Zellner: The appearance at the Super Bowl helped [the song’s trajectory], because that’s really when you get into middle America.
Tesfaye: People can’t put a face to the song that they hear on the radio while they’re in the car or at parties. The Super Bowl puts a face to all those memories.
Zellner: When a station has played a song thousands of times, what will happen in research is that, through the law of averages, you’ll start to see a lower score when a song gets burned, or people get tired of it. In the case of “Blinding Lights,” there was very little burn on that song — and still is to this day.
“He Has Always Been Different.”
“Blinding Lights” paved the way for even more Weeknd hits, including “Save Your Tears” — which topped the Hot 100 in May thanks in part to an Ariana Grande remix — and the disco-infused “Take My Breath,” the first taste of his next album, which he says will be out before his After Hours Til Dawn stadium tour begins next summer. “That’s a lot of ground to cover,” says Taylor of the tour. “And we want to put on a show that has never been seen before in a stadium space.” Yet even as the cinematic universe of After Hours marked a new level of artistry from the singer, Tesfaye says the success of “Blinding Lights” helped give him the confidence to pull off his next, even more ambitious chapter.
Tesfaye: I started writing the [next] album during the pandemic, which felt like we’re all in this scary, unknown territory. And I wanted to make music I thought sounded like going outside — I was obsessed with that feeling. I just felt like I didn’t know how to make this album until now. It probably would be too ambitious for me prior. I knew what I liked, but I felt like I didn’t have the skill sets to deliver that type of project until now.
Taylor: As we did each body of work, it’s just getting more refined, more refined, more refined to the sound where he’s at now.
Tesfaye: Picture the album being like the listener is dead. And they’re stuck in this purgatory state, which I always imagined would be like being stuck in traffic waiting to reach the light at the end of the tunnel. And while you’re stuck in traffic, they got a radio station playing in the car, with a radio host guiding you to the light and helping you transition to the other side. So it could feel celebratory, could feel bleak, however you want to make it feel, but that’s what The Dawn is for me.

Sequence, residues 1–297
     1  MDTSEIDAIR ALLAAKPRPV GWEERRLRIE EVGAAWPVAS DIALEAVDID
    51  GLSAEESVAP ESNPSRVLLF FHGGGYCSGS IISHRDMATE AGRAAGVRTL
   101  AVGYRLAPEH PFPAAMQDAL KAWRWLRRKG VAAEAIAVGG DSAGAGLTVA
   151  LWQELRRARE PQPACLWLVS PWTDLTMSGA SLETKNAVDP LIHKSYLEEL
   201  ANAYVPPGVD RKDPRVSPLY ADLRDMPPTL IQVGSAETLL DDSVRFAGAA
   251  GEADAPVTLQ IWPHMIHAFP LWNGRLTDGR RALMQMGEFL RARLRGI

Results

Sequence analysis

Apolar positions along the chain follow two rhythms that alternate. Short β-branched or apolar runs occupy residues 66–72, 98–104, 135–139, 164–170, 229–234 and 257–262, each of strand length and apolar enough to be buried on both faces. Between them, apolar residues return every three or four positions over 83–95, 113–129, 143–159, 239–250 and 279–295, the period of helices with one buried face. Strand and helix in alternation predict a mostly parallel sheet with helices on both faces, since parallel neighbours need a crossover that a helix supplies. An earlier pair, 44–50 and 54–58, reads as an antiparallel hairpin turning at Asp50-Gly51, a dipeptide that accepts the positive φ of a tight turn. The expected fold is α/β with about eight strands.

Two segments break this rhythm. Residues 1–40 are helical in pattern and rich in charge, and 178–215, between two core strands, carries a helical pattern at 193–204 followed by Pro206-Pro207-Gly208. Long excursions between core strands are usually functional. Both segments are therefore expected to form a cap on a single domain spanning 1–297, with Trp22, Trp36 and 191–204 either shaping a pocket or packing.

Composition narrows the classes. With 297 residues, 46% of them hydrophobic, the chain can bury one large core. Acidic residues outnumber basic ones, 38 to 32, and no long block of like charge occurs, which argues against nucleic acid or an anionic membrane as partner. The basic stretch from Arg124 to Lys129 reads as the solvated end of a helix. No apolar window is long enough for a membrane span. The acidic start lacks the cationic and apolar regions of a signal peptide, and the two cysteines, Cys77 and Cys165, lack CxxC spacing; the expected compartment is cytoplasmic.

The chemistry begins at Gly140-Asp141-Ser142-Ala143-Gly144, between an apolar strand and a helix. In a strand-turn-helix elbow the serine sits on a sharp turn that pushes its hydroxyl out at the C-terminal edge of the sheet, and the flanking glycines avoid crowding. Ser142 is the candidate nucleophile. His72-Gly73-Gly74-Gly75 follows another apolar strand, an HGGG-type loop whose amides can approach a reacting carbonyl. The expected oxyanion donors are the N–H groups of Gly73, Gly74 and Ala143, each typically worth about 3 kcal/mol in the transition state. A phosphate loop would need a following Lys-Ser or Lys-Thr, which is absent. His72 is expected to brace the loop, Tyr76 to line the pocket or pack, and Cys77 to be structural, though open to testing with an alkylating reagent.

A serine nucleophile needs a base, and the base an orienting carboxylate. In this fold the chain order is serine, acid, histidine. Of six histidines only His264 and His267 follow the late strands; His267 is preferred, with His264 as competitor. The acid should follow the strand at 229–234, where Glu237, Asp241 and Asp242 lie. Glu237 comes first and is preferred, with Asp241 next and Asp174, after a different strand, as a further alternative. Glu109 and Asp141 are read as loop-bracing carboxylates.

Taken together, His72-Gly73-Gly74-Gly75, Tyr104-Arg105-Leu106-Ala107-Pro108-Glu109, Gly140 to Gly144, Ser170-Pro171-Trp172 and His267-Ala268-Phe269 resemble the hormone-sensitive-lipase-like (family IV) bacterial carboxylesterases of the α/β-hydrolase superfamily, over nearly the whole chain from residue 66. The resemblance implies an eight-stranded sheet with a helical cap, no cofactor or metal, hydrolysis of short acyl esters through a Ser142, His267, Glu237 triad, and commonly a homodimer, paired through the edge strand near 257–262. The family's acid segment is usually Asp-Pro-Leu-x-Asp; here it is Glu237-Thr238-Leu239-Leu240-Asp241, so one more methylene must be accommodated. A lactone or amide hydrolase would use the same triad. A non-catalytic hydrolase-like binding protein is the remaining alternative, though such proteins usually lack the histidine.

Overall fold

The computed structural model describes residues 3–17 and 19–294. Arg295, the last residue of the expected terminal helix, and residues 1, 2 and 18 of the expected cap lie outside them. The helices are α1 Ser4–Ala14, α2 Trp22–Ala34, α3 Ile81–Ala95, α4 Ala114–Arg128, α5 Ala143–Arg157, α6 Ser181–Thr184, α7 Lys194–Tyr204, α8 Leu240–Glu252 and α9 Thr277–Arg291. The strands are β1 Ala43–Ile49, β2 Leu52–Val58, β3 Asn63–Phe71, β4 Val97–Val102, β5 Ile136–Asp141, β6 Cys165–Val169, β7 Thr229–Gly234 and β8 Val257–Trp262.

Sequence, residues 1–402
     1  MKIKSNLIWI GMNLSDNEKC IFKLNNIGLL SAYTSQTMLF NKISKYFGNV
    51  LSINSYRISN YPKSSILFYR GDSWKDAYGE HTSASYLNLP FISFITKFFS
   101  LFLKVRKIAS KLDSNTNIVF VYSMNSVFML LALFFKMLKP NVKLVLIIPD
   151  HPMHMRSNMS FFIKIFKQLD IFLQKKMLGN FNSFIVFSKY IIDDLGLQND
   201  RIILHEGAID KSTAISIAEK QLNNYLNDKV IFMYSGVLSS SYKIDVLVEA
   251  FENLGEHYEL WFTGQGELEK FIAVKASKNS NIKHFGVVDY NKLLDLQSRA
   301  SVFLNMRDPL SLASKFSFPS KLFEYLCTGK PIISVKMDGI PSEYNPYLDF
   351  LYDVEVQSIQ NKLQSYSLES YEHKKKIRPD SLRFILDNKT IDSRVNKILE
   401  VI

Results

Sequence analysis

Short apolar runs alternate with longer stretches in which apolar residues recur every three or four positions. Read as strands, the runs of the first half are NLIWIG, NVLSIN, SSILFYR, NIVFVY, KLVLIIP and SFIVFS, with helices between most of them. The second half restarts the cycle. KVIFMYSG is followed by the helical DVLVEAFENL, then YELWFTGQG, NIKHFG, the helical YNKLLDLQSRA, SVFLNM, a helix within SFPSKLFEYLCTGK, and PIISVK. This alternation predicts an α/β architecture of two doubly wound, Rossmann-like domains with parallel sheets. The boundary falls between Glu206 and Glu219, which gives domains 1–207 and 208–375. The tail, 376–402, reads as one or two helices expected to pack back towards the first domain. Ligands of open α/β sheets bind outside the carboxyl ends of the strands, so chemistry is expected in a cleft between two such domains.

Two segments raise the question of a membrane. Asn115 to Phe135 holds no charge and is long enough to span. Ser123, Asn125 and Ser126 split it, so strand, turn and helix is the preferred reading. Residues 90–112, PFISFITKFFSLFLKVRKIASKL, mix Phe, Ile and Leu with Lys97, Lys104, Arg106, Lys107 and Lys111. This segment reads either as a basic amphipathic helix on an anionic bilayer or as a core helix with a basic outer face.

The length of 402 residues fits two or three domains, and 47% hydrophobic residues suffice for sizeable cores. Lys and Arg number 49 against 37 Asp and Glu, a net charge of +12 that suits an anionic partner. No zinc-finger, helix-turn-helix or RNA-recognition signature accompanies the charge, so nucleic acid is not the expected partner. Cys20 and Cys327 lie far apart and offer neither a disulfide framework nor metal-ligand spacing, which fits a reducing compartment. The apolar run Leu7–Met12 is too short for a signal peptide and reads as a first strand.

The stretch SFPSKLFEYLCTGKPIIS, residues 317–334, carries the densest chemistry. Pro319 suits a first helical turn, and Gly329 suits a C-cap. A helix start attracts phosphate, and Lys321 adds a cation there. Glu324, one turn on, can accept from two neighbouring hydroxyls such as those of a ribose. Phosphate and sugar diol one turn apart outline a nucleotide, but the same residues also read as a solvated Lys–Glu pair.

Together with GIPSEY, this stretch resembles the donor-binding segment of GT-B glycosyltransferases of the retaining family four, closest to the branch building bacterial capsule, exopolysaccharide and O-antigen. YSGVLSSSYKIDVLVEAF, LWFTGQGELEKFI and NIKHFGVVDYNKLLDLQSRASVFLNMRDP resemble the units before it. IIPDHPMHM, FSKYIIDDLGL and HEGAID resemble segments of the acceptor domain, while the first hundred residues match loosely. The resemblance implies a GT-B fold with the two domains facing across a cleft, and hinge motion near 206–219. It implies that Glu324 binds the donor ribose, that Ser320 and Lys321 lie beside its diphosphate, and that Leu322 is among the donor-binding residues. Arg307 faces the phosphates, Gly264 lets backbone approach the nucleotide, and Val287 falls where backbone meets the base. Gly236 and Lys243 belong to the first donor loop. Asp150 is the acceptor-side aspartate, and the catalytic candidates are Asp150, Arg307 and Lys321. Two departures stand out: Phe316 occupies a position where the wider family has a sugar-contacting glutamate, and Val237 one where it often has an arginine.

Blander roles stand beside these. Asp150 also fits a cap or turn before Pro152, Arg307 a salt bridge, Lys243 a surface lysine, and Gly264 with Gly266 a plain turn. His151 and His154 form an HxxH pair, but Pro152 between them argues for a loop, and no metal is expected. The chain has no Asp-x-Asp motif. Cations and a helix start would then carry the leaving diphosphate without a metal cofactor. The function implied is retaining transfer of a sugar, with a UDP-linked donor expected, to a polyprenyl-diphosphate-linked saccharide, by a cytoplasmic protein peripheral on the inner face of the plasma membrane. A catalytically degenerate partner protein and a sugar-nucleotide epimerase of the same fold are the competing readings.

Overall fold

Lipman: When you think about The Weeknd now, it’s hard to just try and categorize him as any particular genre of music because he has reached that level of success. It’s also what makes him so exciting going forward, because you never know what’s next.
Tesfaye: Who knows what the next one is going to sound like? When it comes to my albums, there is a cohesive sound going on, but I can’t really stick to one style. So you’ll hear EDM, hip-hop and three other types of sounds in one song — and somehow, we make it work.
Taylor: To go from being the underground king to being where he is now, I don’t think it would’ve been received the way it is now if it wasn’t organic or if it didn’t happen naturally. I’ve seen a lot of artists in the past that have gone from underground to pop, but they compromised along the way. They sold themselves out and fell short in their offerings to their fans, the ones who put them in that position. But with Abel, there was none of that because of the progression and evolution. Everything felt true to his artist journey.
Tesfaye: [There were] songs that transcended into pop culture, like “The Hills.” But by the time “Blinding Lights” happened, I was 10 years into my career and established as a music figure in the industry already. So I’m glad “Blinding Lights” happened when it happened as opposed to it being the first single I’ve ever dropped. That’d be scary for me.
Slaiby: He has always been different — his way of making a song, his way of developing a show, his way of thinking of his marketing and rollouts. I think he’s going to be that artist who will be remembered 20, 30, 40, 50, 100 years from now.
Tesfaye: I don’t think [the success of “Blinding Lights”] has hit me yet. I try not to dwell on it too much. I just count my blessings, and I’m just grateful.